The sustained commitment to maintaining and extending the capabilities of cyberinfrastructure involves more than investments in hardware, software, networks, and the experts who support them. It entails also an ongoing commitment to continuing collaboration and to balancing individual needs with shared goals and priorities. By necessity, individual researchers and institutions have unique networking and computational needs, driven by the demands of their various disciplines and research programs. These individualized needs have to be respected within the context of the overall shared environment created by an interinstitutional, national, and global cyberinfrastructure. Yet careful coordination and collaboration on cyberinfrastructure standards and access protocols will ensure a flexible environment in which the contributions of any one participant can meet the needs of many others without sacrificing required capabilities.

This sustained commitment also encompasses openness to a range of institutions and uses beyond the major research institutions and programs at the core of cyberinfrastructure. Precisely because cyberinfrastructure provides ready access to flexible, high-performance resources, it can make capacities available to faculty and institutions that otherwise would not have them, opening potential new sources for discovery and innovation. Moreover, cyberinfrastructure provides opportunities for innovation in student learning. A novel exemplar in music is the collaboration of the New World Symphony with Case Western Reserve University, the Cleveland Institute of Music, the Manhattan School of Music, and the Thornton School of Music at the University of Southern California in using advanced networks to conduct live interactive music master classes, symposia, and coaching sessions with faculty and students.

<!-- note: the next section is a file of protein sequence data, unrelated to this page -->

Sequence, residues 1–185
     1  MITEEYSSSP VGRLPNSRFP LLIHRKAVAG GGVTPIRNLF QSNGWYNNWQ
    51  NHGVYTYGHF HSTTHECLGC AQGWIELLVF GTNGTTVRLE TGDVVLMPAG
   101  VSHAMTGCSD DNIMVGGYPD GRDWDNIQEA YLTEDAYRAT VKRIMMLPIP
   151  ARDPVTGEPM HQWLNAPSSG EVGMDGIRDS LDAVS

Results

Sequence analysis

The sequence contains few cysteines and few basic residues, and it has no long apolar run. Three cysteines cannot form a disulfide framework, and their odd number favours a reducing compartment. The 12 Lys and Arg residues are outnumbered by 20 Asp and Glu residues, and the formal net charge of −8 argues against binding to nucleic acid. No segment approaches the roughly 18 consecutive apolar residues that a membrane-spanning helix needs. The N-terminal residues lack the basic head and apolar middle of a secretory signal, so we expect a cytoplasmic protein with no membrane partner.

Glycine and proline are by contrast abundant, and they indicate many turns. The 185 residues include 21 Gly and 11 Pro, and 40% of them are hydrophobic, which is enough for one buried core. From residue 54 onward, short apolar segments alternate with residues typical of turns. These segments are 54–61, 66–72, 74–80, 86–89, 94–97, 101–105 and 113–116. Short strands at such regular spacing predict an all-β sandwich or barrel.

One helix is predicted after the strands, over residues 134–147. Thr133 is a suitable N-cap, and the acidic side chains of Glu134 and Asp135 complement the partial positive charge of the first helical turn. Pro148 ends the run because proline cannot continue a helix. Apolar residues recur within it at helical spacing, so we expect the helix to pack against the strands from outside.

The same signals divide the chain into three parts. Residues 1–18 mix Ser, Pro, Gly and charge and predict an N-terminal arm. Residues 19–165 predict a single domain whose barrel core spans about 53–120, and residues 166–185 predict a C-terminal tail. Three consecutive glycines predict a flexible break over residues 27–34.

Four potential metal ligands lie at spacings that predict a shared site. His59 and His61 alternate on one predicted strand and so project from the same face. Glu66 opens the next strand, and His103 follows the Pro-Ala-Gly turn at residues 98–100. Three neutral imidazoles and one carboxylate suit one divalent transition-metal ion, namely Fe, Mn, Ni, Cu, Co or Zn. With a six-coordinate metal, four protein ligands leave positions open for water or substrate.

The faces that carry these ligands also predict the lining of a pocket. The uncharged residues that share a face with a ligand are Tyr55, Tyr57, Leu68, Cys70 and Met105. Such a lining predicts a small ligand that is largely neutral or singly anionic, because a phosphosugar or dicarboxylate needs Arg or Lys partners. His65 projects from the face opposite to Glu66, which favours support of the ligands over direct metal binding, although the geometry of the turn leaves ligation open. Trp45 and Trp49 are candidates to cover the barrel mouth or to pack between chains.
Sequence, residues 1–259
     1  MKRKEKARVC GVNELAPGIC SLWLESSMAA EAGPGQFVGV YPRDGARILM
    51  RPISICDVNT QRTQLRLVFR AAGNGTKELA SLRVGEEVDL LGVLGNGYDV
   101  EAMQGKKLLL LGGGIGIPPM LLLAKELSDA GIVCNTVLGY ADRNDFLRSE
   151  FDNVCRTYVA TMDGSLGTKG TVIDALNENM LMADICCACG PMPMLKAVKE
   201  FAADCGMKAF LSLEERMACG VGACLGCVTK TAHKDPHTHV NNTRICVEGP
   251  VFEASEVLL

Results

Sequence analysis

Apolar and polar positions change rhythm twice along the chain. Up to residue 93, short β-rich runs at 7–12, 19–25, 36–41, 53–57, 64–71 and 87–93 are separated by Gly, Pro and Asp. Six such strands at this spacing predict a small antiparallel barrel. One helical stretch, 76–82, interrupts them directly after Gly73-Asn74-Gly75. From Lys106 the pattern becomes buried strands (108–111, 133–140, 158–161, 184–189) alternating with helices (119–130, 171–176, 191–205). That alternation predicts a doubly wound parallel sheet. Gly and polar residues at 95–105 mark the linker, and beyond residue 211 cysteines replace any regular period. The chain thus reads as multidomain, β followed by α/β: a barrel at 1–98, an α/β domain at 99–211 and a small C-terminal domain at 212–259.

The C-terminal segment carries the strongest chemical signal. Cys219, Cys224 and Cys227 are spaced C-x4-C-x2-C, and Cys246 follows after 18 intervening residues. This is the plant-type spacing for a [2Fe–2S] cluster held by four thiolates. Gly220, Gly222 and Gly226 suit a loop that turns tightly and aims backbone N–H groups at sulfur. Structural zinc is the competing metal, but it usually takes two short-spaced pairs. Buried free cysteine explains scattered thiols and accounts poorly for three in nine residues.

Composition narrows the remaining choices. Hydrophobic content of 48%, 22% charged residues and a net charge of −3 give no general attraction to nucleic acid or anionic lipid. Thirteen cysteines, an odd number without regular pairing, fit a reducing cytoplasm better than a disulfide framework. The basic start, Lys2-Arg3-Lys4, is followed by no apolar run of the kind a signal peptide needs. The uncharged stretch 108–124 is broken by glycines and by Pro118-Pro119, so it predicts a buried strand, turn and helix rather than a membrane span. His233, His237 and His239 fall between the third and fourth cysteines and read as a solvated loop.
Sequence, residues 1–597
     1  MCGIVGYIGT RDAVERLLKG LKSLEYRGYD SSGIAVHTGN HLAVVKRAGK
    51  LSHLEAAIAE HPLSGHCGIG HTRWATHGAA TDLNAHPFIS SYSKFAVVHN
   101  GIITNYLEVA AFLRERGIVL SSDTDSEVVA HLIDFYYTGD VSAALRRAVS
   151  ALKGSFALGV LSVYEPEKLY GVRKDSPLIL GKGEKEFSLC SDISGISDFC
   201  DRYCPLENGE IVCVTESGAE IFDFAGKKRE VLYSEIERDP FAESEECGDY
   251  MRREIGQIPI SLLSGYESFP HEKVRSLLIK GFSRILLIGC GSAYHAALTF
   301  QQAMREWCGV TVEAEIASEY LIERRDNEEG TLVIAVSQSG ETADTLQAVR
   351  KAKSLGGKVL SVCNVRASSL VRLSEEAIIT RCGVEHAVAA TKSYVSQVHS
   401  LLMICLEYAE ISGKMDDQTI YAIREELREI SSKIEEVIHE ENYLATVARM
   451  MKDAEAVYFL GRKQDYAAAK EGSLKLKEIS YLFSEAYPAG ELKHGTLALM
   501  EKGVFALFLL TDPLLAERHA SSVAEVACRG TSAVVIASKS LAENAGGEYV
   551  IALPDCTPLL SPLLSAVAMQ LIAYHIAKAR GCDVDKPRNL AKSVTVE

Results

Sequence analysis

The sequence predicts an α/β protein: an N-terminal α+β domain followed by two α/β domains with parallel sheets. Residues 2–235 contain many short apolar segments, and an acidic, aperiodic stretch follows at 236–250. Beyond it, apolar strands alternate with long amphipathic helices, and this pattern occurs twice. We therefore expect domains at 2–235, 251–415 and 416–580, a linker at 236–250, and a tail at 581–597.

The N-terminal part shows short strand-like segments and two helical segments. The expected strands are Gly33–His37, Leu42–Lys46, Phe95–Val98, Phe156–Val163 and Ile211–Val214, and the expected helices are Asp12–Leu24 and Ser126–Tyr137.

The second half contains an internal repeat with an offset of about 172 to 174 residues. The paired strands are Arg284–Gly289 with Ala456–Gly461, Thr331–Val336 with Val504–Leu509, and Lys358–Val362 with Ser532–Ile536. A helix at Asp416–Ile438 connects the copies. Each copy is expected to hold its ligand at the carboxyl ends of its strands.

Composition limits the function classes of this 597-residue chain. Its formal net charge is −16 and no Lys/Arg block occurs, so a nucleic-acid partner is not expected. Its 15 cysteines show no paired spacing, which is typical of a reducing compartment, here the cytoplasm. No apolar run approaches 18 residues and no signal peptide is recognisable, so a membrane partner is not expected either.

In addition, college and university faculty are using cyberinfrastructure to engage students directly in research projects, allowing them to actively contribute to scientific discovery while gaining hands-on experience in research methods. Likewise, the virtual environments and data visualization capabilities of cyberinfrastructure enable students to experience disciplines such as physics and history in ways not previously possible. Whether they are “feeling” atomic forces or “seeing” the sweeping social and economic impacts of the Civil War in a dynamic, integrated model, students have the opportunity to deepen their learning by connecting with academic concepts at an experiential level.

Thus we can see that colleges and universities around the world should view capitalizing on the promise of cyberinfrastructure as a significant priority. It is not an overstatement to say that the continued development and expansion of cyberinfrastructure will allow those of us in higher education to pursue our traditional academic and research missions to a revolutionary degree, generating trans-disciplinary advances that may truly transform the world yet again. However, fully realizing this potential requires a sustained commitment on the part of higher education institutions to investing in cyberinfrastructure in partnership with government and the private sector. It also involves an ongoing commitment to engaging in collaboration and shared responsibility in the design and implementation of a cyberinfrastructure that balances individual and common needs. And finally, realizing this potential entails a commitment to making the benefits of cyberinfrastructure available to faculty, institutions, and teaching and learning applications throughout higher education. By embracing these commitments, colleges and universities can fulfill their responsibility for global leadership and can drive the next wave of discovery and innovation.


1. I have served on the Board of Directors of Internet2 since its inception, most recently as a member of the Strategic Planning Steering Committee. Several references in this article are drawn from the work of Internet2.

2. National Science Foundation, Cyberinfrastructure Council, Cyberinfrastructure Vision for 21st Century Discovery (Washington, D.C.: National Science Foundation, March 2007), p. 5,

3. See “A Strategic Plan for the Internet2 Community, 2008-2013,” Spring 2008,